Glengarry503 Jan 2021 3:17 a.m. PST

Yes, I saw the Eureka figures but honestly I don't want to raise a force based on 4 figure variants with no command! Gets tedious. I'm also thinking more of the 1870's to 1880's. Breechloaders for the "Europeans", before the firepower of their repeating rifles ans Maxim guns totally destroyed any chance of success for the native Africans.

Prince Rupert of the Rhine03 Jan 2021 3:47 a.m. PST

Yeah I agree.
In that case I reckon a mixture of European, mixed race and Africans (using the mix of miniatures I referred to before) soldiers all mixed together into units armed with percussion rifles or snider breech loaders (luckily Snider's being converted muzzle loaders are practically identical to Enfield's in 28mm) will work for colonial cacadores from around the late 1860s to the mid 1890s.

For Uniform colours, for the cacadores, you can't go to wrong with brown jackets and trousers with green piping but you could mix in white trousers and local civilian clothing. Equipment like belts and cartridge boxes should be black.

European expeditionary units would probably best be represented by ACW union miniatures painted with blue jackets and white trousers or full white uniform in kepi or Havelock. It's not a perfect match but probably as close as you'll get.

You could also add in foundry Askari as 2nd line soldiers of local origin like the chikunda and in Mozambique native allies were heavily influenced by the Ngoni so look a lot like Zulus.

Lilian03 Jan 2021 9:05 a.m. PST

It should be noted that unlike other European countries the colonial units in Portuguese territories mixed Europeans, Africans and mixed race men in the same units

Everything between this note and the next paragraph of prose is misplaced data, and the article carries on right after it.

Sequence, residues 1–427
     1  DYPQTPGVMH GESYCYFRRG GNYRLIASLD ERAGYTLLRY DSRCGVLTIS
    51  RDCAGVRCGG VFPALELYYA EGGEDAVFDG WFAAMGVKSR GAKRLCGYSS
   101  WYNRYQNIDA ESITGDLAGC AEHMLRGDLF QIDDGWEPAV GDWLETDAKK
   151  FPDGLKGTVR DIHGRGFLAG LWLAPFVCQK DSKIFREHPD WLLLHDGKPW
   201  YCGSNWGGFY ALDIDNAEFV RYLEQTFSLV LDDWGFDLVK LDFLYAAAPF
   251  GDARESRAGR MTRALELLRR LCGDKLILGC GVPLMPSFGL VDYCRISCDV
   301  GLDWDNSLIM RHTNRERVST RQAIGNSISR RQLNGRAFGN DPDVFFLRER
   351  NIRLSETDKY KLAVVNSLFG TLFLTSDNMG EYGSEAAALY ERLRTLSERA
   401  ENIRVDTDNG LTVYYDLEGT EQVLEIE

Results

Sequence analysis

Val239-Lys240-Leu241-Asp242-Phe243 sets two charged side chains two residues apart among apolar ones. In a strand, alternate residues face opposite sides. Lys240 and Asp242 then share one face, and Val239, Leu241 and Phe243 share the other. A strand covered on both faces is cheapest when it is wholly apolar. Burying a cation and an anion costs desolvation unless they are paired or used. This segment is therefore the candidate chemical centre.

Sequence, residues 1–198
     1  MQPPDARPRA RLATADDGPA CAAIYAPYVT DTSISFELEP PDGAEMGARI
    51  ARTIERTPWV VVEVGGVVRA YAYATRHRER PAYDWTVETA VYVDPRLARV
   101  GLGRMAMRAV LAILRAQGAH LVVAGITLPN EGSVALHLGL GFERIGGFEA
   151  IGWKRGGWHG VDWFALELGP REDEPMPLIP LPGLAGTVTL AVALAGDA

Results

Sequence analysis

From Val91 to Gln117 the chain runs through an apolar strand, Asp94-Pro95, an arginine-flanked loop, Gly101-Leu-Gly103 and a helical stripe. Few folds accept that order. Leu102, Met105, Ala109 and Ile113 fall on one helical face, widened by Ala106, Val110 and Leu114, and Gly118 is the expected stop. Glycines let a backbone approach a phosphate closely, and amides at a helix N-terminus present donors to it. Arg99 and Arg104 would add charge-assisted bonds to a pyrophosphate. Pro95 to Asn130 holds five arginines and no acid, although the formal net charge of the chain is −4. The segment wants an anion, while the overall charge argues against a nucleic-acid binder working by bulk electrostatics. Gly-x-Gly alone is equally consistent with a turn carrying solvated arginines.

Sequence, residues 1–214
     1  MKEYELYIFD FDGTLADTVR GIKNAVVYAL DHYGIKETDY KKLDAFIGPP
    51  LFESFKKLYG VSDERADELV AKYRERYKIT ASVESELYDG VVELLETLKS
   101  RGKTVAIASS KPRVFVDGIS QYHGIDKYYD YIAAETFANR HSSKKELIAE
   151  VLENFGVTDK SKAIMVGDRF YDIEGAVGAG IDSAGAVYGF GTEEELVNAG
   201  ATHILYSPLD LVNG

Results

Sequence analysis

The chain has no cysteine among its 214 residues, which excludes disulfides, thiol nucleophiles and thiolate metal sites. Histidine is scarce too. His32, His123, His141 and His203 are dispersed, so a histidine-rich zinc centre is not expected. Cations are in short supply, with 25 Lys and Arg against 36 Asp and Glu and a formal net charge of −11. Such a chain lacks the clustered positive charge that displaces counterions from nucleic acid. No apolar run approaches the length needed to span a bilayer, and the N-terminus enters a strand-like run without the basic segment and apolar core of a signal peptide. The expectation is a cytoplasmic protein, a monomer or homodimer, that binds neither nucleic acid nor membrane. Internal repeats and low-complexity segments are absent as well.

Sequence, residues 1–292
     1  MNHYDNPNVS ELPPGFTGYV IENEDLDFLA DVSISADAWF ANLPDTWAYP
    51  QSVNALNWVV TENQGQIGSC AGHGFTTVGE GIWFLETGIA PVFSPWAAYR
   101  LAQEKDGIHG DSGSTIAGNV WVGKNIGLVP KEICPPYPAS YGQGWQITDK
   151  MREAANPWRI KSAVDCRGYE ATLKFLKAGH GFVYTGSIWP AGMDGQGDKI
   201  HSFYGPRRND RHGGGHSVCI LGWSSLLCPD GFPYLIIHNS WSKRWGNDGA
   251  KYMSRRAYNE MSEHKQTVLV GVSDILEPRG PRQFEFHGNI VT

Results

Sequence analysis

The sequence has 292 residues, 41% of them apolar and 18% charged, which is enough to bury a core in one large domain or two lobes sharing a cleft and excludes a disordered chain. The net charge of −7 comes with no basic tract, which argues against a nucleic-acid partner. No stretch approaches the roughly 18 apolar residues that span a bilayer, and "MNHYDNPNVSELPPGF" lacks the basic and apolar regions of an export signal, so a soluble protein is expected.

not remountig until the particular case of Maurice de Saxe's black company in his white regiment, it was already the case in the French Army at the end of the 18th century, in the 19th century intially the Zouaves mixed arabs, turks, and pure Frenchmen, then the Algerian Tirailleurs raised in 1841 mixed arabs, turks, mixed Turkish-arabs, black sudanese and Frenchmen including as rank and files,
of course as French citizens the French Marine Infantry can also receive in the ranks French black and mulattos citizens from the "Old Colonies" where the inhabitants were French, from soldiers to officers with their "whites" European compatriots, for example among the officers coming from the Marine Infantry the General Dodds in the conquest of Dahomey is mixed by his father (quarteron) and by his mother (mulatto)

Despite that it is not Eastern Africa Moçambique
but Western Africa Angola c.1909
a turkish/Zouaves/north African Tirailleurs-style uniform

Lilian03 Jan 2021 11:13 a.m. PST

Moçambique 1895 campaign against Gungunhana

4 Engineers officers from the Regimento de Engenharia
Companhia Expedicionária enviada para Moçambique.

pictures shared by Memorias do Reino de Portugal

Glengarry503 Jan 2021 3:46 p.m. PST

Thanks Lilian!


Good thing I already have hoards of Copplestone Ngoni!
The way my thinking is evolving is Perry figures (my favourites) War of the Triple Alliance Paraguanians converted into colonial troops and Portuguese Metro troops a mix of ACW in kepi & slouch hats and WotTA Brazilians in slouch hats. I am assuming it's likely that some Portuguese troops wore slouch hats before 1885. Some of the WotTA castings are based on the ACW figures anyway. Foundry "Almost Uniformed Askiri" for 2nd line local troops as you suggested. Now… what to do for Portuguese cavalry!? :)

Prince Rupert of the Rhine03 Jan 2021 10:36 p.m. PST

I don't think slouch hats are out of the realms of possibility in Peter Abbots Foundry book figure 183 is a European Cacadore de Africa 1870s wearing a single breasted brown jacket, brown trousers, buff gaiters and a broad brim black hat turned up on one side, The gaiters where standard issue but not often worn the hat certainly seems to have been a local addition.

I used a Perry Sudan war Egyptian with a hat swap (the gun is all wrong as its a Remington rifle) that came out to a very close approximation of the line drawing in the book

marco56 Supporting Member of TMP12 Jan 2021 11:26 a.m. PST


marco56 Supporting Member of TMP12 Jan 2021 11:27 a.m. PST


marco56 Supporting Member of TMP12 Jan 2021 1:39 p.m. PST

Here's a book on Portugal in Africa in the late 19th century. link